The questions were somewhat random, I have to say. Of the 35 there were three on candles. They’re important, sure, but 10% of the whole trade of an interior designer? One of them was asking if it was true that putting candles in the fridge makes them burn longer (it does). Which was interesting, but it didn’t feel like it really tested how well I’d absorbed the course.

Anyway. 91%. Qualified. Seems like a time to reflect on what I did learn.

·         I genuinely love interior design

·         Drawing things is hard. But possible, even for someone as naturally bad as me.

·         The history of buildings and design is fascinating – understanding why people choose things to look the way they did, how fashion and technology combine? It’s brilliant.

·         I love soft looking sofas, preferably velvet.

·         Putting together mood boards/designs for rooms is such good fun, and I’m really proud of some of the concepts I came up with. (maybe a future post on my home cinema is in order)

·         There’s a lot of terminology involved in design

·         There’s a lot of complicated maths – calculating costs, especially for things like soft furnishings. Plus the business model for a designer is so complex! (and I couldn’t make it pay, not matter how unfeasibly I set my sales targets)

·         Rules and concepts (progression, rhythm, colour matching, patterns etc) are mostly there for breaking. Except when they’re not

·         Understanding rules and concepts helps you figure out what’s wrong with a room – I knew there was something off with a room I was visiting, but until  I’d read about it, I couldn’t pin down that the room was unbalanced.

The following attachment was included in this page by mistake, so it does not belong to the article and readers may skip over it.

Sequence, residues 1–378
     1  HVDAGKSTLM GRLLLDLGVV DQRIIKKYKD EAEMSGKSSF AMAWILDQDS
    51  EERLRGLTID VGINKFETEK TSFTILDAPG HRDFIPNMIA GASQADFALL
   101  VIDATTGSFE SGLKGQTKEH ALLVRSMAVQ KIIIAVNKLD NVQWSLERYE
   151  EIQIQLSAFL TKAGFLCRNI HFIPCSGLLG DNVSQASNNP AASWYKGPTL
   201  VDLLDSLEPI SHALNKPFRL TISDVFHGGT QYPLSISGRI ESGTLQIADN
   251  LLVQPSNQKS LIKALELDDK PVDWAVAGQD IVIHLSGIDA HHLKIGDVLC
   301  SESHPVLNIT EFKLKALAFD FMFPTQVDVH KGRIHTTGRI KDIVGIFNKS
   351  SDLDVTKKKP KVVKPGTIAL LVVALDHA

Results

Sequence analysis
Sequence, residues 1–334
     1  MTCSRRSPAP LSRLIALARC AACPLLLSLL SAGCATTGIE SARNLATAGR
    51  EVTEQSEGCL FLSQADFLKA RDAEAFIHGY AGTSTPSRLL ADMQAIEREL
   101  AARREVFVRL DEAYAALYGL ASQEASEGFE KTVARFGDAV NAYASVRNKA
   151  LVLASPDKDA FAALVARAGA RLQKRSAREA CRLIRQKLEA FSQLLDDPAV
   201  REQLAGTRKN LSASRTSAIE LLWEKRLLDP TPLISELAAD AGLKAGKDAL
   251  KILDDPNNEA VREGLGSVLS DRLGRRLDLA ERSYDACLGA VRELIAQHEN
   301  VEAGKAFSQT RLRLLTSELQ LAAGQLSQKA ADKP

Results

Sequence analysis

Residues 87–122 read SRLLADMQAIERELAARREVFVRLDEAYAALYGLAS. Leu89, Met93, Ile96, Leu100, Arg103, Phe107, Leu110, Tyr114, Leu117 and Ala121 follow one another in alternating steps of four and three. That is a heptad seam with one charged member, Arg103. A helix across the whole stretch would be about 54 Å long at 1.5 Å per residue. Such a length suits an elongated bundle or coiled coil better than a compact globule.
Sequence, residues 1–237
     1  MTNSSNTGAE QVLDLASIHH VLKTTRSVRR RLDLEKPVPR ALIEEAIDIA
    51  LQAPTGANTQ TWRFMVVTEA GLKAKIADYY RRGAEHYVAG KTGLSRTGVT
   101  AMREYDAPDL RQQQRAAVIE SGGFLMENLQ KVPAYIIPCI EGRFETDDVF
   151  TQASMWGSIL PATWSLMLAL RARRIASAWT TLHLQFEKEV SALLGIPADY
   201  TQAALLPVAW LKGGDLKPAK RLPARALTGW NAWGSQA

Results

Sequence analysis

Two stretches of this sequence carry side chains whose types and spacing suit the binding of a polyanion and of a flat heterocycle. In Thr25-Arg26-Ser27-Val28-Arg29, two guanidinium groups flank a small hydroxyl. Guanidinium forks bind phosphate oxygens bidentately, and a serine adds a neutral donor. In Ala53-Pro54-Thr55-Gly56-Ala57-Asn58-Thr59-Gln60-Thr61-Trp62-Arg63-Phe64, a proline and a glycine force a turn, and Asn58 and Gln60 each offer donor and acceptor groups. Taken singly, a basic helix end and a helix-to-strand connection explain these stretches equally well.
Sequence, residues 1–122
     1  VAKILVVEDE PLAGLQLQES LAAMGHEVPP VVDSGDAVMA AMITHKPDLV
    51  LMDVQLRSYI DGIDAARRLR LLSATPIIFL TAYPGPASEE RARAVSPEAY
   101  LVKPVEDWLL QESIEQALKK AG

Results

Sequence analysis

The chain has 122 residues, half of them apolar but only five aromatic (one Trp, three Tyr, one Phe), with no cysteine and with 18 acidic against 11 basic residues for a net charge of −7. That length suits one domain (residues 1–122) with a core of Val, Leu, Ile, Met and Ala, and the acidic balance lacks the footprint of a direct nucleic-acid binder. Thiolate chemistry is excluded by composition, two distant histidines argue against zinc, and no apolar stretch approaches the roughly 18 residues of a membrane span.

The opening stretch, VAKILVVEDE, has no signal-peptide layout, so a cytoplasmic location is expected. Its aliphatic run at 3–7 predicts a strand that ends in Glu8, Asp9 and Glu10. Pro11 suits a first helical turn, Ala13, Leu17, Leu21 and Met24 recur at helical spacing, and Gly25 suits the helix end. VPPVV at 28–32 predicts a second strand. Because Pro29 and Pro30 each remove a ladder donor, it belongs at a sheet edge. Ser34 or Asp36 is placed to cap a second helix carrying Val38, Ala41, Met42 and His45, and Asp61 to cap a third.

·         Almost everything you can imagine exists for sale somewhere. Isn’t that exciting?

·         Candles burn longer if you freeze them first

·         The only way to make a funky interior is to add pouffes. Lots of pouffes. (course in-joke. Sorry).

So I’m going to take all of this learning, and the reading and googling that went with it to continue to turn my little, dodgy flat into a place of beauty. But I’m not going to take this on as a career. Not yet, at least.

More on the kitchen

Times have been busy. The kitchen renovation took up an awful lot of time, and my new job kind of went up a gear as well.

So a quick update on the kitchen. Our Wickes design was the winner, and we got it installed. Part way through, we were persuaded into getting tiles round the walls. It wasn’t a hard sell, as we’d been struggling with finding paint in a particular shade of blue we were hankering after that only comes in tiles and glassware.

So we bought the tiles, got them put up and they are stunning. I will never regret getting them in the slightestThose gorgeous blue tiles, they’re just beautiful. See? Gorgeous. (and we did get that electrical socket put in properly, and the foam off the hob too. Promise)